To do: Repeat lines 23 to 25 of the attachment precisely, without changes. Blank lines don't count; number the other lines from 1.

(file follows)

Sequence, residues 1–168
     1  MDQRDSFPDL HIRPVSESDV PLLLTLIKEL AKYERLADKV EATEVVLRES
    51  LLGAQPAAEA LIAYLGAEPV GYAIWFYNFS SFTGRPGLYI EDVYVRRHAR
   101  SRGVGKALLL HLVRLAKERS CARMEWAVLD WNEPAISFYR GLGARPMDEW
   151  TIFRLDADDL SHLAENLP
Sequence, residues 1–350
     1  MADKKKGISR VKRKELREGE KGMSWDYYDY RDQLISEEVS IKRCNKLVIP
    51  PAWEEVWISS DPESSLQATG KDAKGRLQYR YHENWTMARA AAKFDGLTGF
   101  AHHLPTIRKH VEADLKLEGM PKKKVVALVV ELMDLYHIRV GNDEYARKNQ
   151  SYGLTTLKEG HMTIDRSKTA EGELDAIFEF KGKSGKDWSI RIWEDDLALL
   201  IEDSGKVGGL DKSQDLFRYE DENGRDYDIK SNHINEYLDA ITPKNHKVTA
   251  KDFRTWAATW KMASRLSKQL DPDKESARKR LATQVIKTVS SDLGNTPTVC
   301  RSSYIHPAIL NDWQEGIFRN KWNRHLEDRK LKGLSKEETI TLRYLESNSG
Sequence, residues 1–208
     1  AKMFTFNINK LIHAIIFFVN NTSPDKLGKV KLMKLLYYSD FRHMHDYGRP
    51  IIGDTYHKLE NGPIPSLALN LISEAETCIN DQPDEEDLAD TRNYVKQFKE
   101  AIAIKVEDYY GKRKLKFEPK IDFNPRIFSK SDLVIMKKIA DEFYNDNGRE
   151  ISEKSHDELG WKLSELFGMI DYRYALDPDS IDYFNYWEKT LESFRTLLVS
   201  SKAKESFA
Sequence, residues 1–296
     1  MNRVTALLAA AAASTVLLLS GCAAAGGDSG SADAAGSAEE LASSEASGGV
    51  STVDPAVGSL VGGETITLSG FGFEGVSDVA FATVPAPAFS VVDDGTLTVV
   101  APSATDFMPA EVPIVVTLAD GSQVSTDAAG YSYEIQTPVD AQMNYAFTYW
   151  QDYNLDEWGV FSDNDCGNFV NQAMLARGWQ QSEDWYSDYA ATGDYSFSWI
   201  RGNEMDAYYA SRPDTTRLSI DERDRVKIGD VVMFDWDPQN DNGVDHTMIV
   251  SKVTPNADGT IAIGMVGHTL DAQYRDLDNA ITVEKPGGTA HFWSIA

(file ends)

   101  APSATDFMPA EVPIVVTLAD GSQVSTDAAG YSYEIQTPVD AQMNYAFTYW
   151  QDYNLDEWGV FSDNDCGNFV NQAMLARGWQ QSEDWYSDYA ATGDYSFSWI
   201  RGNEMDAYYA SRPDTTRLSI DERDRVKIGD VVMFDWDPQN DNGVDHTMIV